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Pure Vanilla. Pure Inspiration. {Book Review}

*Full Disclosure: I received a complimentary, advance copy of this book 
- Pure Vanilla by Shauna Sever -  
from the publishers for the purpose of reviewing it.*

When I first received the package from Quirk Books, giddy excitement washed over me as I tore open the envelope. I eagerly flipped through the pages, enthralled by Shauna Sever's prose and entranced by Leigh Beisch's photographs. I longed to reach into the pictures and pluck out a treat. 

Then I got to work, surrounded by vanilla beans and vanilla extracts, and my enthusiasm transformed into sheer panic: What was I thinking? How could I possibly agree to review a cookbook? I can't follow a recipe to save my life! I rarely read a recipe, make a grocery list, and head to the store. I am always adjusting, based on what I already have in my cupboards. I use cookbooks as a jumping off point.

But I decided that I am not alone. I am certain there are other home cooks who do as I do. We own cookbooks not necessarily to follow the recipes to the letter but for inspiration. And - for those readers - I think my review will be perfectly reasonable. For the others, the recipe followers, accept my apologies in advance.

I will never underestimate the magic of vanilla again. We use the term 'vanilla' derogatorily, to mean plain, boring, ordinary. How completely misguided! Having spent the last week scraping the caviar out of the beans, infusing syrups, steeping pods, and immersing vanilla in salts and sugars, I see vanilla for the complex, exotic, and intriguing ingredient that it is. And, as Shauna writes, "It's high time to catapult this delicious ingredient into the superstar stratosphere where she so deserves to be!"

Before launching into her original recipes, Shauna encapsulates an almost 400-year history of the vanilla bean into nine points, taking the reader from the Aztecs conquering the Totonac Indians of Mexico in 1519 to Thomas Jefferson, then the U.S. ambassador to France, carrying a bundle of beans home to Monticello in 1789. In 1841 the 12-year-old son of a slave devised a way of hand-pollinating vanilla orchids; his process is still employed today.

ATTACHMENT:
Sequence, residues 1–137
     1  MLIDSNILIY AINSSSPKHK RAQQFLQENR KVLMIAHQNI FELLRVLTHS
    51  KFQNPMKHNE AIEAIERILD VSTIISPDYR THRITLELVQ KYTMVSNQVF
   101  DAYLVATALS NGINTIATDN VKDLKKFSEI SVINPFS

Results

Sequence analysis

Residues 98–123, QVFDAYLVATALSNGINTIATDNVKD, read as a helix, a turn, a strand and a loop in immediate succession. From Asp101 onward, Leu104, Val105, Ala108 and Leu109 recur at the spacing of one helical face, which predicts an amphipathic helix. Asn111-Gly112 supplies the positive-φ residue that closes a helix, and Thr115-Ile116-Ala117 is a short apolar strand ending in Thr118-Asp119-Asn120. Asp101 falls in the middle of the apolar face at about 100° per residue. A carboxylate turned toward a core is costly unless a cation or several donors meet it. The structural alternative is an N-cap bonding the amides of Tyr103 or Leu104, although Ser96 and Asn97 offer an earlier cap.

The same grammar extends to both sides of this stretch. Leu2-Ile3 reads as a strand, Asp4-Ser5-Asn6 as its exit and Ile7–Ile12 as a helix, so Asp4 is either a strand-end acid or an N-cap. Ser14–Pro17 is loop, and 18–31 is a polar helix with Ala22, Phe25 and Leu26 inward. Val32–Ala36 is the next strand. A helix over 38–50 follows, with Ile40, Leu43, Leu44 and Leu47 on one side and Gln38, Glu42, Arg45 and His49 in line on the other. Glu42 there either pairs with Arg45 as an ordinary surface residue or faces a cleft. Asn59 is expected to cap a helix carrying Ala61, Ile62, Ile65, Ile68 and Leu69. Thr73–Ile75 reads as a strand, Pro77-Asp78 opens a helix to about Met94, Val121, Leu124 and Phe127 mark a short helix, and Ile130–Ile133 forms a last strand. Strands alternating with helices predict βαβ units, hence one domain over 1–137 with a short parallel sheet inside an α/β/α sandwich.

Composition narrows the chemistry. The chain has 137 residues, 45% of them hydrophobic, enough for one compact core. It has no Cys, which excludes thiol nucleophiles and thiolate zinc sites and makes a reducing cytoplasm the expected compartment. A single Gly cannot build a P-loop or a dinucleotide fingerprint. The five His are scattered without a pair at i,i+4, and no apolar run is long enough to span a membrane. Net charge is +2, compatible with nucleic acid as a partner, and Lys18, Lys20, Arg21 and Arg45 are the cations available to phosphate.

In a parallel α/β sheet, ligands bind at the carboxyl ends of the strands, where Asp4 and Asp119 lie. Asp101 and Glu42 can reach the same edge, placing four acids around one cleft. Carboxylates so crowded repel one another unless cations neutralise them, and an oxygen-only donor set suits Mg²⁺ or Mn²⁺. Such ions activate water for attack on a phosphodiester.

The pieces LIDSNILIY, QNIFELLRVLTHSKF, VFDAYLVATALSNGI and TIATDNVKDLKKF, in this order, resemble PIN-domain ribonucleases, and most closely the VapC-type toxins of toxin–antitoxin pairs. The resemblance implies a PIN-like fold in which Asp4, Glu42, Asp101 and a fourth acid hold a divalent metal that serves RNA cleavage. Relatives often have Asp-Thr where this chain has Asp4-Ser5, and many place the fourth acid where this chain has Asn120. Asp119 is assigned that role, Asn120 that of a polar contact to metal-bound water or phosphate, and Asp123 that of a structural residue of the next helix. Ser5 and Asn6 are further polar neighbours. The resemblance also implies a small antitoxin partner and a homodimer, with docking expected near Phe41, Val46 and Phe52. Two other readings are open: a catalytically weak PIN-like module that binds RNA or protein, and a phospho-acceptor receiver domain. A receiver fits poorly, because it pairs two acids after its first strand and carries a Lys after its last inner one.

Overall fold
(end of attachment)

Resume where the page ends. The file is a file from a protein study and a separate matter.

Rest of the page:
She details the various forms of vanilla - yes, you can get it in more than just beans and extracts - provides tasting notes, and fields FAQs: Why is vanilla so expensive? How do I store vanilla? And what is French vanilla?

Her writing is accessible, her directions clear, and her recipes inspiring.

Never having written a cookbook review, I wasn't sure how many recipes to try. I ended up preparing about a dozen of Shauna's recipes. I used her Vanilla-Citrus Marinade on salmon filets and served it atop tri-color quinoa. I revamped some leftover bread and naan using her Vanilla Bean Bread Pudding recipe. I topped a poached egg with vanilla-flecked hollandaise and her Vanilla, Brown Sugar, and Black Pepper Bacon. I floated Vanilla-Agave Marshmallows in spiced hot chocolate. And I'll be using my vanilla salt and vanilla sugar for weeks to come; I am anxiously awaiting the two month mark to uncork my vanilla extract.


But the recipe that I truly adored, for its versatility in both sweet and savory applications, was inspired by her  Golden Pear Vanilla Jam. 

Bartlett-Vanilla Bean Jam

Harken back to my warning that I use recipes as inspiration. I skipped the pectin, halved the sugar, and doubled the lemon juice.

Ingredients
6 Bartlett pears, cored and thinly sliced
2 C organic granulated sugar
juice from 2 lemons
zest from 2 lemons
2 vanilla beans, split lengthwise
1/4 C water

Procedure
Place all of the ingredients - except the juice from 1 of the lemons - in a large flat-bottom pan. Bring it to a boil. Reduce heat and simmer until the pears are tender, approximately 15 minutes. Mash the fruit with a potato masher as the pears soften. Keep simmering until the liquid has thickened to the point where a path remains if you drag a spoon through the center. Stir in the last of the lemon juice. Remove the vanilla pod.

Place the jam in sterilized jars, leaving about a 1/2" gap to the top. Gently tap the bottom of each jar on the counter to release any air bubbles. Using a damp clean towel, wipe the rims of the jars and secure the lids and rings. Process in a water bath for 10-15 minutes. Remove the containers with tongs and let cool on the counter.

You’ll hear the sound of tops popping shortly—a sign that a secure seal has been made. Or, you can refrigerate the jar without processing and use it within three weeks.

For a playful appetizer, I layered Prosciutto di Parma with creamy burrata on crisped slices of bread and spooned a dollop of bartlett-vanilla bean jam on top. Fantastic!


There you have it: I find this book to be pure inspiration. And though my review is done, I will still be cooking out of this gorgeous volume. I'm looking forward to trying her Tangy Vanilla Bean Panna Cotta and will certainly be toasting with a Vanilla Martini at some time in the near future.

If you want to learn more about vanilla and get inspired in the kitchen, check out Shauna Sever's Pure Vanilla. It's truly delicious!

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